Pros and DIYers commonly use french drains either inside the basement next to the footing or outside the foundation next to the footing. There are many types of drainage systems used and every waterproofer seems to swear by the drainages system that they offer. The two most common systems are made of generic drain pipe.
Be sure to use a drain sleeve for either of the two pipes above.
If you don’t want to do any digging, the following two companies might be worth looking into:
If you have a high water table, these drainage systems that sit on top of your floor probably won’t work…. (just my two cents).
Membrane, Paints, & Sealers
Many professionals use some sort of basement waterproofing membrane. Exterior waterproofers may use tar-based or PVC-based membrane while most interior waterproofers solely use PVC-based membrane.
DIYers tend to mainly use paints like DRYLOK. Many say they have had good luck with it, but personally, I don’t recommend using any paint or rubberized paint inside your basement as your foundation needs the ability to breathe. I’ve been eyeing a Ghost Concrete Sealer instead. If you go the sealer route, make sure that you get the appropriate sealer for your basement, block or poured.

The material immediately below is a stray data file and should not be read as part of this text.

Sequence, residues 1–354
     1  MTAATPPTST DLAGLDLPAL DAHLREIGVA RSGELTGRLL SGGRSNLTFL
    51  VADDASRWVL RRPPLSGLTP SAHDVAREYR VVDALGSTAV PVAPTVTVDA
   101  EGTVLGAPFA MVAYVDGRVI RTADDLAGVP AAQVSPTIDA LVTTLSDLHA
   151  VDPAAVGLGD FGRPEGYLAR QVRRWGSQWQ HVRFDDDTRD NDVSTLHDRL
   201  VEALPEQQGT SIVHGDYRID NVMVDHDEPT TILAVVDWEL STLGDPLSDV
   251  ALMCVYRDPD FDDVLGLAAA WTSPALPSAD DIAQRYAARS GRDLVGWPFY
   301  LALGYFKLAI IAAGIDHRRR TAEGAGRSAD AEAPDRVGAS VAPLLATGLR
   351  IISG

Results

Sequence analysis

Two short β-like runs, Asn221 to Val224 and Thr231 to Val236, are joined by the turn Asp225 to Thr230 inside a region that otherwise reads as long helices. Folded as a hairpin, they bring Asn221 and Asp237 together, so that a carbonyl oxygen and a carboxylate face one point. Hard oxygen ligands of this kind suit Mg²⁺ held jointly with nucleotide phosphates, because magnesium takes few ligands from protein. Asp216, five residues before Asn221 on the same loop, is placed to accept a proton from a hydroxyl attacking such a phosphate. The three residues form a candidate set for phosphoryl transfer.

Dehumidifiers are an important part of the basement waterproofing process. Your dehumidifier must have two very important capabilities.
- The ability to self-drain. You do not want a dehumidifier that you have to empty. For one, it’s a pain in the neck. Secondly, it will more than likely get forgotten about causing your dehumidifier to shut off.
- Your dehumidifier must be able to dehumidify your entire basement area, so make sure the dehumidifier rated for the square footage of your basement.
Professionals tend to use higher-end dehumidifiers like SantaFe. From the reviews that I have read online, there doesn’t seem to be much difference between the quality of the expensive brands and the cheaper brands. Whatever route that you choose, make sure your dehumidifier meets the two requirements above.
If you can’t keep the water out of your basement after taking the first steps of basement waterproofing, then you may be in need of a sump pump at some point. The sump pump that you use is also an important part of your basement waterproofing project. Be sure that your sump pump has a battery back up and is sealed from the air space in your basement. Many contractors use a double pump system just in case one the pumps fail.